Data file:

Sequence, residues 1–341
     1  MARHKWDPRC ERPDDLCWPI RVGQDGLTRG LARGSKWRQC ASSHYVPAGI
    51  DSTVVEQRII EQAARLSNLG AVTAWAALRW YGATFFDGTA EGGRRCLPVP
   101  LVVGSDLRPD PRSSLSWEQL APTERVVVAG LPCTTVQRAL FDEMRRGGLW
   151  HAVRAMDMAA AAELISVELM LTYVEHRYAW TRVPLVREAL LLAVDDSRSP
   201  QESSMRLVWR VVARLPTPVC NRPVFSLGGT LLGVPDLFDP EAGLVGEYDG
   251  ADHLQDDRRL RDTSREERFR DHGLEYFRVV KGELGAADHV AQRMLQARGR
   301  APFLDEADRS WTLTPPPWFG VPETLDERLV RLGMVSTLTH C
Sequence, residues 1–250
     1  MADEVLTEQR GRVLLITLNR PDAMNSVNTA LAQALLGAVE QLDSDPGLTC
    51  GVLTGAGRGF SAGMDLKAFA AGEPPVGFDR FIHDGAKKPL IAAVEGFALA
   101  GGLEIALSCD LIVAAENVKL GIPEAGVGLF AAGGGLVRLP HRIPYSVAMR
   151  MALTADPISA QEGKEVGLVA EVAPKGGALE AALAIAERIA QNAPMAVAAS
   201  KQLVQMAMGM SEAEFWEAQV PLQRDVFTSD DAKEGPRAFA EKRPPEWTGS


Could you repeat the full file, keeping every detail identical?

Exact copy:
Sequence, residues 1–341
     1  MARHKWDPRC ERPDDLCWPI RVGQDGLTRG LARGSKWRQC ASSHYVPAGI
    51  DSTVVEQRII EQAARLSNLG AVTAWAALRW YGATFFDGTA EGGRRCLPVP
   101  LVVGSDLRPD PRSSLSWEQL APTERVVVAG LPCTTVQRAL FDEMRRGGLW
   151  HAVRAMDMAA AAELISVELM LTYVEHRYAW TRVPLVREAL LLAVDDSRSP
   201  QESSMRLVWR VVARLPTPVC NRPVFSLGGT LLGVPDLFDP EAGLVGEYDG
   251  ADHLQDDRRL RDTSREERFR DHGLEYFRVV KGELGAADHV AQRMLQARGR
   301  APFLDEADRS WTLTPPPWFG VPETLDERLV RLGMVSTLTH C
Sequence, residues 1–250
     1  MADEVLTEQR GRVLLITLNR PDAMNSVNTA LAQALLGAVE QLDSDPGLTC
    51  GVLTGAGRGF SAGMDLKAFA AGEPPVGFDR FIHDGAKKPL IAAVEGFALA
   101  GGLEIALSCD LIVAAENVKL GIPEAGVGLF AAGGGLVRLP HRIPYSVAMR
   151  MALTADPISA QEGKEVGLVA EVAPKGGALE AALAIAERIA QNAPMAVAAS
   201  KQLVQMAMGM SEAEFWEAQV PLQRDVFTSD DAKEGPRAFA EKRPPEWTGS